As a result of volunteering, I feel part of my local community and that I am doing useful things for my fellow citizens. In addition, I have found that volunteering, if taken seriously, adds structure to one’s daily schedule. I have met many people, few of whom I would have encountered otherwise, and have found this aspect particularly enriching, especially the opportunity to get to know younger people. Finally, I should mention that without volunteering I would know much less about such matters as the impact of dementia on society, the daily struggles faced by blind students, and how a few ill-mannered people can disrupt the quality of life in an apartment block.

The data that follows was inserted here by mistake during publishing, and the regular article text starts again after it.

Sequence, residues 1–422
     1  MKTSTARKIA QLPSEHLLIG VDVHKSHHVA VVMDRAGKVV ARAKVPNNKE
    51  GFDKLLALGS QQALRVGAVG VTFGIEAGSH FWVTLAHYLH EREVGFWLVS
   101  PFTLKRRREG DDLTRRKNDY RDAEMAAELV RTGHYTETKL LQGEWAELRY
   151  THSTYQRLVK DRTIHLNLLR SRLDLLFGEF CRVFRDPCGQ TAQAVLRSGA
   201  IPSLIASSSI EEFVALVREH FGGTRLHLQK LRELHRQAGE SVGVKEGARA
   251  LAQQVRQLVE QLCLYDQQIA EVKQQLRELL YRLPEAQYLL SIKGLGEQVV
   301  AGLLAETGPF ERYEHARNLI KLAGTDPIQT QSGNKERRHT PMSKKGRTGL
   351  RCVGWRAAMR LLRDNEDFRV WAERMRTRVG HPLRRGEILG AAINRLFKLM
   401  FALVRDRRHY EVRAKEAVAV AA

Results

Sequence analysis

Perhaps most important, I have learnt that many organizations would be unable to function, even on a limited basis, without volunteers. The Crane Library, for example, employs three staff members who interact with about 80 volunteers. Other organizations operate with similar ratios, something I was unaware of prior to becoming a volunteer.”
From Pat: “Suddenly, or so it seemed, I left my position at McGill and was living in the Philippines with no job and with house help five days a week. For someone wanting to help people in need, however, there is ample opportunity in a country like the Philippines. Among other things I led an English conversation group for spouses of scientists. Most had a little knowledge of the language but could not converse in it. It was hard work but a wonderful opportunity to get to know women (they were all women) from many different cultural backgrounds.